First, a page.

The Penguins of Madagascar Review


By: Justin Jasso (@jjasso007)

When I mention the animals lion, zebra, hippopotamus, and giraffe in the same sentence, what comes to mind? Ok, zoo… Africa… Animals… Ok. How about if I add in Ben Stiller, Chris Rock, David Schwimmer, and Jada Pinkett Smith? Madagascar! Yes, there you go. And what does everyone look forward to from the Madagascar movies, provided you actually watch them? Yes, the penguins! Well, like the upcoming Minions movie, DreamWorks has made a feature film based on the adorable guys in black and white. Ladies and gentlemen: The Penguins of Madagascar.

We begin in Madagascar where a young Skipper (Tom McGrath), Kowalski (Chris Miller), and Rico (Conrad Vernon) chase down a runaway egg, as they’d never leave a soldier behind. They try to rescue the egg, while a documentary crew gives us the play-by-play, yet off a cliff they go. The egg hatches and we have a baby Private (Christopher Knights) and our military super spy group of penguins is formed. Fast forward to present day, and there’s a plot to kidnap all the world’s penguins and turn them into something less cute. Who is behind this devious plan (if you really want to call it devious)? Dave (John Malkovich), an octopus who was in the same zoo as the penguins but never got any attention due to everyone wanting to see the cute penguins. So Skipper and the team must stop Dave’s plan, but also working to stop Dave is a paramilitary foursome called North Wind, comprised of a wolf named Classified (Benedict Cumberbatch), an otter, an owl, and a polar bear. Will the eight members of the team be enough to stop Dave’s plan of penguin destruction?


Despite how simple the story is, DreamWorks is able to fill it to the gills with material. The penguins travel literally all around the world, from Antarctica to Fort Knox, to Shanghai on to Brazil. They do skip France, however, due to their tax laws. And each location gives our penguin quartet some form of obstacle to overcome, some baddies to face, or clues to find. But despite the generic nature of the film, it does have a few talking points that we can all learn from, principles of which focus on Private. Private is more of the outcast of the group, without any real skills to note. Skipper is the leader, Kowalski is the brains, and Rico is always ready to blow things up. But Private needs a role, he feels like he needs to find his place, his way to contribute. So it’s up to him to determine who he is as a penguin and show that he, too, is a valuable member to the group. It’s just like a stage many people go through in life where they have to find who they are as a person and where they fit in to this big world.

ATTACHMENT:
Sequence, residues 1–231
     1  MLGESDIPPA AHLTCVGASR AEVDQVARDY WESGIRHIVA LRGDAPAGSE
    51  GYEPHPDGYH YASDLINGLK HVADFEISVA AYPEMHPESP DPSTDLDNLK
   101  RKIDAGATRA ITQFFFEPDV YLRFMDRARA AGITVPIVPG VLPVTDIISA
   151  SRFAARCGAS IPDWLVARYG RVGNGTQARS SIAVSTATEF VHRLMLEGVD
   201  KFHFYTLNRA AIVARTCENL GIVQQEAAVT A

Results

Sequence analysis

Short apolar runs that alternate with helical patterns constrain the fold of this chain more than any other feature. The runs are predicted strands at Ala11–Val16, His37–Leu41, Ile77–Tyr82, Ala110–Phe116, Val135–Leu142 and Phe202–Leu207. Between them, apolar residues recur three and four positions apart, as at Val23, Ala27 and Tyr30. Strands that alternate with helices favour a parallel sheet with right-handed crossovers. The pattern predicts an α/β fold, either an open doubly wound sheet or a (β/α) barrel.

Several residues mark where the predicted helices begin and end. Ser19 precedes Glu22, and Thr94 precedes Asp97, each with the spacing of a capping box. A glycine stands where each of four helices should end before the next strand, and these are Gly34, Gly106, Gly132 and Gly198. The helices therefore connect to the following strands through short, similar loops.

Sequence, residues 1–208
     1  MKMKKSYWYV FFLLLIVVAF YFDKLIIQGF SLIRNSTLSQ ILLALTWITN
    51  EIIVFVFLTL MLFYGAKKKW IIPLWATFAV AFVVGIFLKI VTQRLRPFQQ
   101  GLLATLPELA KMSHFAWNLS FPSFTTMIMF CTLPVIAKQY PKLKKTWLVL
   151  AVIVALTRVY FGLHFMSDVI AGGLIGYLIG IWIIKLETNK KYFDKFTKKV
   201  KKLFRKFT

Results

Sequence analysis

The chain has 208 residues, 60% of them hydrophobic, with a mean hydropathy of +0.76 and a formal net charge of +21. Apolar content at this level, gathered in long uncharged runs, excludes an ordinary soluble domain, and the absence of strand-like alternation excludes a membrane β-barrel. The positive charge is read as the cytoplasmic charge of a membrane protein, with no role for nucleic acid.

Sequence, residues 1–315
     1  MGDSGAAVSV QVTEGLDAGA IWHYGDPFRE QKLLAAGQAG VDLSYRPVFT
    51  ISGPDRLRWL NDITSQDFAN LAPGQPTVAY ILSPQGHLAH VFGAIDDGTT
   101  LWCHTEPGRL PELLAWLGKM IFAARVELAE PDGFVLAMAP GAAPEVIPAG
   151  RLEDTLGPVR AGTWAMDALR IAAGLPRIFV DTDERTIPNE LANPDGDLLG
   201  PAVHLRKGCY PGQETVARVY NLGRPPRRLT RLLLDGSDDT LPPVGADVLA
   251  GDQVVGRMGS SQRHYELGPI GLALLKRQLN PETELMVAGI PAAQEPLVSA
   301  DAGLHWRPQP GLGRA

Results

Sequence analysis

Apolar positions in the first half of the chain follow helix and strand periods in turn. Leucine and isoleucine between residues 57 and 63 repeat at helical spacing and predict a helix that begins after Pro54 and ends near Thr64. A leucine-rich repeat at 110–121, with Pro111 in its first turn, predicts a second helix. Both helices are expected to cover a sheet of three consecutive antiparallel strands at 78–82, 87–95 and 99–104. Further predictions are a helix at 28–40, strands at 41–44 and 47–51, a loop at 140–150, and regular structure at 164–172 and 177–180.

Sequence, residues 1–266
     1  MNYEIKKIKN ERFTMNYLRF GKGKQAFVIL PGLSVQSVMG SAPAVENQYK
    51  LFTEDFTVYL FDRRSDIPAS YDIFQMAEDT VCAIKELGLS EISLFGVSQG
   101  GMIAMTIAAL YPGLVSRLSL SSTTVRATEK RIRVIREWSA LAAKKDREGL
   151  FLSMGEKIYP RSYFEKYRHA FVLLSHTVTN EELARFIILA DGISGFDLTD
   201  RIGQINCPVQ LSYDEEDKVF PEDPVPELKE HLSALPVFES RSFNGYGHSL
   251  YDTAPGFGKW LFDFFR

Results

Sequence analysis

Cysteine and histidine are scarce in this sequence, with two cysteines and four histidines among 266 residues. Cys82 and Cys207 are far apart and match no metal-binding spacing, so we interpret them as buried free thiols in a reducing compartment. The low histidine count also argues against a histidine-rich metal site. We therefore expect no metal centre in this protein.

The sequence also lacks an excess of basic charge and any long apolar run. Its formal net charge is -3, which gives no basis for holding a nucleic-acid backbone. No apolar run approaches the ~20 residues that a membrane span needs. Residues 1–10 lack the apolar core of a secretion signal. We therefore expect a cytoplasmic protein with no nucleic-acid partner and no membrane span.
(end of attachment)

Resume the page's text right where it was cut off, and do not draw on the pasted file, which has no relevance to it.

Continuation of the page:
The story really revolves around the penguins and the shenanigans they get into. We really can’t talk about acting as we aren’t dealing with physical actors, and the additional cast plays their roles in order to help move the story along. But, aside from stopping Dave, this more focuses on Skipper and Private. Skipper needs to realize that he’s been narrow-sighted with his crew, particularly Private. Although he respects his penguins, he doesn’t have confidence in Private. Maybe it’s because Private is the newer member or maybe it’s because Private doesn’t have a role. But a true leader puts his people in positions to be successful, and Skipper needs to find that aspect of himself and give Private responsibility, setting him up for success, and allowing him to showcase what it is he can do.


The Penguins of Madagascar isn’t going to break any animated film records, it isn’t going to leave you reciting lines from the film, and it won’t even be very memorable a few hours later. It has its moments of entertainment, a few legitimate laughs here and there, but for the most part, it is a by-the-book type of script devoid of anything new or groundbreaking, much like the Madagascar films. And, despite it coming out a few weeks after Big Hero 6, Big Hero 6 has a good chance of performing better this week. Will your children be entertained with the film? Most likely. Is it worth spending over $50 for an hour and a half of entertainment? Definitely not. These penguins should have stayed in Madagascar.

Rating: 2 out of 5 stars

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